A solution of one teaspoon of dishwashing liquid to two quarts of water can help remove heavy grime build-up, if the furniture has been stored or long-neglected.

When deep cleaning, cloudy or dark surfaces are the result of using too much polish or wax.

To make sure the wood is protected, always start with the most gentle method first, and only progress to stronger methods if it’s needed.

Black tea contains tannins which can remove any waxy build-ups.

Just brew two bags of tea, leave it to cool down, then dip a soft cloth and squeeze until just damp.

Water marks are quite frequent and must be cleaned as soon as possible. Rub some olive oil or mayonnaise, let it sit for an hour, and then buff away.

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You can scratch and damage wooden furniture with over-cleaning or by using the wrong products[/caption]

Ink marks are cleaned by dipping a damp soft cloth in some dry baking soda and rubbing away gently, until the stain disappears.

Wipe any remaining baking soda residue with a damp cloth.

Stickers or glue residue could be cleaned using the edge of a credit card or plastic scraper to loosen as much of the sticky residue as possible.

Then add some olive or mineral oil on a soft cloth and rub across the stained area.

Use the clean end of the cloth and more oil if needed until you are done. Mould or mildew should be cleaned outside in order to avoid the spores spreading to other areas of your home.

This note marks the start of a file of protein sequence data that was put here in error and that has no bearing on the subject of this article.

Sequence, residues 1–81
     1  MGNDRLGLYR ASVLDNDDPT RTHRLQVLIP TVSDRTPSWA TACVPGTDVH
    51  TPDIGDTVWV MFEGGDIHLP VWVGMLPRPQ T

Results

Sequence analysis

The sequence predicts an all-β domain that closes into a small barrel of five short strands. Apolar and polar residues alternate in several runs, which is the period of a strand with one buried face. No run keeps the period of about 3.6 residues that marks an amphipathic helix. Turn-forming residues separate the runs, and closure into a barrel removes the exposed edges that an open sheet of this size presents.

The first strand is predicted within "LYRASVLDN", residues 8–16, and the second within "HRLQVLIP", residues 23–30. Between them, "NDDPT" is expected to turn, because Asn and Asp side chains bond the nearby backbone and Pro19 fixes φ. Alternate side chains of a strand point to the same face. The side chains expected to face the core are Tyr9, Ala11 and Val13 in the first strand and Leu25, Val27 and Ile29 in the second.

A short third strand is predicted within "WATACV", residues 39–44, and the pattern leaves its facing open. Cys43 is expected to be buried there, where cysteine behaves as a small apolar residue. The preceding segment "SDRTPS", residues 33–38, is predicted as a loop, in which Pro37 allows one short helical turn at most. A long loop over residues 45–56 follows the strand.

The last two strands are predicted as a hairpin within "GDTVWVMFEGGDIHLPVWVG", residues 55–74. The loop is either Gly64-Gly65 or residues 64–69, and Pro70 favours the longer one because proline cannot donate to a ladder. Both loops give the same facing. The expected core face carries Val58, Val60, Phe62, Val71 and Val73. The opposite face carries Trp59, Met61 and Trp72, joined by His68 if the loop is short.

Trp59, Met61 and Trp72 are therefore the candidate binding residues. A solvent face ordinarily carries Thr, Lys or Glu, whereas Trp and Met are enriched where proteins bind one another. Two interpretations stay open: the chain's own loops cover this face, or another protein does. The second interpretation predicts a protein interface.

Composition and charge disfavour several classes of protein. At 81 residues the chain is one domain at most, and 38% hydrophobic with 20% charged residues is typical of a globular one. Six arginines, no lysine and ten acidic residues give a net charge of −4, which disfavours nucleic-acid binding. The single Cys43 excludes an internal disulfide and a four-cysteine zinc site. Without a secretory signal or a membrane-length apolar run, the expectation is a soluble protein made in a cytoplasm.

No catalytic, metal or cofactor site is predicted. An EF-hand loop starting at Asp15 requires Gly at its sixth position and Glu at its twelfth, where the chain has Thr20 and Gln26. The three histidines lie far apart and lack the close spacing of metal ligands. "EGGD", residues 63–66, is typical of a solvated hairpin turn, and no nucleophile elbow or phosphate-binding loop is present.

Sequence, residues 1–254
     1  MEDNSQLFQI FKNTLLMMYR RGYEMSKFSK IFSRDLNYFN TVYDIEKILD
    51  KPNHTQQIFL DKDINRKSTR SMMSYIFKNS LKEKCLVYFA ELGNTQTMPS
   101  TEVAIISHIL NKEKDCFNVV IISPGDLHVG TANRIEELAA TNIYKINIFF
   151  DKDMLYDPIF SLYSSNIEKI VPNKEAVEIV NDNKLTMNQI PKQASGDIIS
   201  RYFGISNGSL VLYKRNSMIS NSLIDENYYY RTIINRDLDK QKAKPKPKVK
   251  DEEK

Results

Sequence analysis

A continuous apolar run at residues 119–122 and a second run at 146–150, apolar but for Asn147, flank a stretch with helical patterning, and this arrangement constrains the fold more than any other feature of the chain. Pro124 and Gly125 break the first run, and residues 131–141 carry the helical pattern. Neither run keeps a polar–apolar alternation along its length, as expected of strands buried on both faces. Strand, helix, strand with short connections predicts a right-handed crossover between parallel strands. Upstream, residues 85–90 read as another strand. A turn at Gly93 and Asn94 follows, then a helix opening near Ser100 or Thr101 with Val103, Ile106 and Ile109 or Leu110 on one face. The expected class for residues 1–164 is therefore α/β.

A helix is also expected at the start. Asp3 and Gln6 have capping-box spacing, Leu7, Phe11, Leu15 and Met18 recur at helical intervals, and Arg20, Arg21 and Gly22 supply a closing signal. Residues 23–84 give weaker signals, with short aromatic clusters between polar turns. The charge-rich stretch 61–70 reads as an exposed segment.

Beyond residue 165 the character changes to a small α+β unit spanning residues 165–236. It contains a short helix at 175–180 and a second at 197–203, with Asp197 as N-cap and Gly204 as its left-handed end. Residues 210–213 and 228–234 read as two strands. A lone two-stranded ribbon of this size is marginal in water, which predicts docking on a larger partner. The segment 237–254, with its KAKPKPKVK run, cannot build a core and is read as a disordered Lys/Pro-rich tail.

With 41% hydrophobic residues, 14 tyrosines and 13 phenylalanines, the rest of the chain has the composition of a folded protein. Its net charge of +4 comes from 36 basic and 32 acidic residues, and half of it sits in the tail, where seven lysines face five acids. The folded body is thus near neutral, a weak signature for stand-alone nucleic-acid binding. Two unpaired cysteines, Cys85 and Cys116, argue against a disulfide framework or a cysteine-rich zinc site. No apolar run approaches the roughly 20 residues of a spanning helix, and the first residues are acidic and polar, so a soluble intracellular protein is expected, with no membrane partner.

Over-clean carpets

Carpets are designed to last for many years but will not do so without proper care.

Vacuuming them weekly is good but using harsh methods like steam cleaning should be limited to twice a year at most.

Some people steam clean their carpets after every stain or party, which is not the best idea.

It leads to discolouration, weird-looking patches and snags.

When you vacuum, make sure you use the highest setting of the head of your vacuum in order to avoid damaging the ends of the fibres.

Never use high temperatures when cleaning carpets for it will surely speed up wear and tear.

When you see a snag, don’t pull it, but instead use scissors to clip it even with the rest of the fibres.

Furniture dents are removed easily by using the edge of a quarter across them to make fibres stand back up. 

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Save steam cleaning for twice a year at most[/caption]

Dishing the dirt

If you use a dishwasher, do not pre-rinse dishes before putting them inside.